College is the time to start over, and be a new you. No one cares that you dated Sandy Sue, or that you were on the cover of the yearbook. What people care about the most were your interest. Whatever sports or clubs you were interested in or apart of, there is most likely be a club or team in that college. Do not live in the high school mindset, there are now too many cliques and they are too big to care about what you did last year. Continue Reading
Posted on November 16, 2011
If you’re not familiar, the abbreviated gibberish above stands for National Novel Writing Month. The goal is, beginning on November 1, to write 50,000 words—a somewhat short novel, essentially—before the first of December rears its frostbitten head.
Sure, it may sound simple. You probably speak 50,000 words a day. But this is a novel we’re talking about. And if your high school English classes taught you nothing, a novel deals with character development, a vivid setting, the rising actions, a powerful climax, the falling actions, resolution, dialogue, yada, yada. Characters will die. Culture bombs are dropped all over that setting. People have sex. Gasp!
Normal people can’t write that much in a month, and normal people definitely can’t write that much in the month of November. This is America. November is important.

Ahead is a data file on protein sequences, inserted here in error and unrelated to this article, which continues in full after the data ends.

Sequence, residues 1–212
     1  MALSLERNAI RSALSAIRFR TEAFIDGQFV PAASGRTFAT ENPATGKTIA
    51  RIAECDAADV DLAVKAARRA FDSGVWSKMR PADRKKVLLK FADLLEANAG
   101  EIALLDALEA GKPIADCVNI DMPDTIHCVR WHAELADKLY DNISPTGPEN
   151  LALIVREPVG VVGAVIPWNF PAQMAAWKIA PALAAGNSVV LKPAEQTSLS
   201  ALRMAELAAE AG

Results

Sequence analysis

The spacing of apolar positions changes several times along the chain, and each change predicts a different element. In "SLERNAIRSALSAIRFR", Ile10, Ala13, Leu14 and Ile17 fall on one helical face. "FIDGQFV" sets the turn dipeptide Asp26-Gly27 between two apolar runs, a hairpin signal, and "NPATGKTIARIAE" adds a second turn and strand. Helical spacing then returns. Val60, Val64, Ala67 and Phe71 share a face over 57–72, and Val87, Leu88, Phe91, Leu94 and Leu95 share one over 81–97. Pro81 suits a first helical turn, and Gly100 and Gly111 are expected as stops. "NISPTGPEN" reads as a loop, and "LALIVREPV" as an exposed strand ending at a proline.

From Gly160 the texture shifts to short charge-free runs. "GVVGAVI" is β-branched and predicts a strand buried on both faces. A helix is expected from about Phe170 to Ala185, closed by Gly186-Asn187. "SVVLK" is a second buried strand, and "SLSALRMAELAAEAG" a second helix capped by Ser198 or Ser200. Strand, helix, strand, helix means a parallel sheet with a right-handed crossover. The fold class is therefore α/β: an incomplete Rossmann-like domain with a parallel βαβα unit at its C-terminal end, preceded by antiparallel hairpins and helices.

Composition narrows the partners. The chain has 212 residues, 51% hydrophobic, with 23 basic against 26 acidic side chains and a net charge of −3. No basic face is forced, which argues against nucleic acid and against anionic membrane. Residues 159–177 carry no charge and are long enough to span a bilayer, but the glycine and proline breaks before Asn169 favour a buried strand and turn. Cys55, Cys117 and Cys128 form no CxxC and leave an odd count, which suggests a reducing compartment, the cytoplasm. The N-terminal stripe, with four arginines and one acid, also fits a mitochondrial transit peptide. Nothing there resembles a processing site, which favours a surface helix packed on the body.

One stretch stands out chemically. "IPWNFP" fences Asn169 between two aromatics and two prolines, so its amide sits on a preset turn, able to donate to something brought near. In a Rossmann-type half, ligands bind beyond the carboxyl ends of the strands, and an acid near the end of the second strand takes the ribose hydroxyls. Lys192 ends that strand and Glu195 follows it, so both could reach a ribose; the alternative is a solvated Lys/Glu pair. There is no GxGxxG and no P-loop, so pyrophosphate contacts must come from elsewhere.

Not only is the end of your fall semester right around the corner, but Thanksgiving is literally at your doorstep. And guess who’s right behind Turkey Day, pulling up in their newly bought, half-priced sedan? Black Friday—the busiest, most important shopping day of the year.
So if you’re participating in NaNoWriMo, you’ve already knocked off three or four days of novel writing thanks to traveling home, turkey, a food coma, shopping, a second food coma, and traveling back to school.
By the way, in case you were wondering, a successful NaNoWriMo participant intends to write almost 17-hundred words day, for 30 straight days.
Factor in the joys of everything mentioned prior, and you’re already behind between five and seven thousand words. But here’s the real pain in your stretchy pant-covered ass. Continue Reading
Posted on November 14, 2011
The early bird might catch the worm because it sleeps better than the night owl, not just because it awakens earlier.
At least that appears to be the case for humans, according to a new study.